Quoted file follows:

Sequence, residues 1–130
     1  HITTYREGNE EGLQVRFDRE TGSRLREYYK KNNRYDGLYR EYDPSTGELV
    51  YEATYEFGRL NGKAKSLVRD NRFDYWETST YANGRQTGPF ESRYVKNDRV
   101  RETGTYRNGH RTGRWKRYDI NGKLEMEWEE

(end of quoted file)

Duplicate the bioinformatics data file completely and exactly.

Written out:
Sequence, residues 1–130
     1  HITTYREGNE EGLQVRFDRE TGSRLREYYK KNNRYDGLYR EYDPSTGELV
    51  YEATYEFGRL NGKAKSLVRD NRFDYWETST YANGRQTGPF ESRYVKNDRV
   101  RETGTYRNGH RTGRWKRYDI NGKLEMEWEE